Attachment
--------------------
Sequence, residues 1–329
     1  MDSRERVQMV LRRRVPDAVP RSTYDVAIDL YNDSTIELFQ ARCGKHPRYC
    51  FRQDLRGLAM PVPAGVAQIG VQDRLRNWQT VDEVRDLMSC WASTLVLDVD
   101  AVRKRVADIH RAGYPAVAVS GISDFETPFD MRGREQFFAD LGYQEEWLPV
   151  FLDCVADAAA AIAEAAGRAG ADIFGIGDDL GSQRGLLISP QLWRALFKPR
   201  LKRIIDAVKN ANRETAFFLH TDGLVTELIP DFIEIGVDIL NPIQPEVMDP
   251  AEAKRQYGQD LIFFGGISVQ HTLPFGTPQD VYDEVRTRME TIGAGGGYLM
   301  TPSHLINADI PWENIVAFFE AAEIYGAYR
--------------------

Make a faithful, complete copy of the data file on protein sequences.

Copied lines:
Sequence, residues 1–329
     1  MDSRERVQMV LRRRVPDAVP RSTYDVAIDL YNDSTIELFQ ARCGKHPRYC
    51  FRQDLRGLAM PVPAGVAQIG VQDRLRNWQT VDEVRDLMSC WASTLVLDVD
   101  AVRKRVADIH RAGYPAVAVS GISDFETPFD MRGREQFFAD LGYQEEWLPV
   151  FLDCVADAAA AIAEAAGRAG ADIFGIGDDL GSQRGLLISP QLWRALFKPR
   201  LKRIIDAVKN ANRETAFFLH TDGLVTELIP DFIEIGVDIL NPIQPEVMDP
   251  AEAKRQYGQD LIFFGGISVQ HTLPFGTPQD VYDEVRTRME TIGAGGGYLM
   301  TPSHLINADI PWENIVAFFE AAEIYGAYR